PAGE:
- Stage 4 is REM sleep, which is so named because the eyes move rapidly from side to side. It is also referred to as active sleep and dream sleep. REM sleep is characterized by irregular breathing, temporary loss of muscle tone, and accelerated heart rate. Brain waves are also more varied, unlike the slower, less active brain waves seen in the other three stages of sleep. Memory consolidation, brain development, emotional processing, and dreaming also occur during REM. Your first time through REM sleep at night usually lasts 60 to 90 minutes.
Sleep problems during perimenopause and menopause
Let’s face it: if you aren’t getting enough restful sleep, you can’t function at 100 percent and your overall health suffers. The sleep problems that are preventing women from experiencing good sleep include trouble falling asleep, difficulty staying asleep, waking up often during the night, night sweats, snoring, having to pee often during the night, and sleep apnea.
Some of these challenges may improve by practicing relaxation techniques immediately before bedtime and when waking up at night. Deep breathing, progressive relaxation, and meditation are a few suggestions. Monitoring fluid intake before bedtime can reduce nighttime urination, and talking with your doctor about snoring and sleep apnea may improve your sleep.
Blood sugar imbalance and sleep problems
Blood sugar imbalance is not uncommon in perimenopause and menopause. More specifically, both hypoglycemia (low blood sugar) and hyperglycemia (high blood sugar) can have an impact on how well you sleep.
Insulin helps deliver sugar from the blood to your cells, where it can be utilized for energy. When insulin is unable to adequately move sugar into the cells or the body can’t make enough insulin, high blood sugar occurs. Low blood sugar can result if you have diabetes and take too much insulin, don’t eat enough carbs for the amount of insulin you take, drink alcohol, or have changes in your exercise or eating schedules. Whether your blood sugar is too high or too low, it can affect your sleep.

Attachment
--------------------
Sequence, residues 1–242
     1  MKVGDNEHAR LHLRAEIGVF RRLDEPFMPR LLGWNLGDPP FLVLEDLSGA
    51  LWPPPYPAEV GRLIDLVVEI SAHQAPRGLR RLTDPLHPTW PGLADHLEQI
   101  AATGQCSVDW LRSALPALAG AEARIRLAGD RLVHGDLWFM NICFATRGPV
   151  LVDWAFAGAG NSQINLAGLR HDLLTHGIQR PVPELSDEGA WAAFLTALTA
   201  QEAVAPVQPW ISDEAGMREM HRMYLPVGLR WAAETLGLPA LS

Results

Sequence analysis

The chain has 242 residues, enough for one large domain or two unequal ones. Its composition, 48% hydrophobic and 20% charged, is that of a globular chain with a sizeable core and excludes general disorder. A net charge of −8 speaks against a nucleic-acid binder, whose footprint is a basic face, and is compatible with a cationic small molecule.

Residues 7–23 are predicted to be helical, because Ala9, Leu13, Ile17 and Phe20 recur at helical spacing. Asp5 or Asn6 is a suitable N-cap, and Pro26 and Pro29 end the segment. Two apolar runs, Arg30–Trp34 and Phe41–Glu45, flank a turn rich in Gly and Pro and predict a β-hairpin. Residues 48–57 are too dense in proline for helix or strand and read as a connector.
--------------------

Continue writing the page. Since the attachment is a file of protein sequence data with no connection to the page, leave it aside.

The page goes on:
For example, both blood sugar conditions can contribute to insomnia. Hyperglycemia can result in more kidney activity, which can lead to having to urinate more during the night. High blood sugar also can make you experience greater thirst, restlessness, and headaches, which can make it more challenging to fall asleep and stay asleep. Low blood sugar has been associated with sweating, irritation or confusion when you wake up, and nightmares.
Research is ongoing concerning a link between high blood sugar and hot flashes. Sharon Dormire, PhD, has noted that fluctuating estrogen levels result in a decline in the amount of a sugar-transporting protein produced in the blood-brain barrier. When these changes occur, sugar enters the brain at a slower rate, which can result in a decline in energy reserves and in turn triggers the autonomic nervous system and a hot flash. When this occurs, sugar is released in the brain.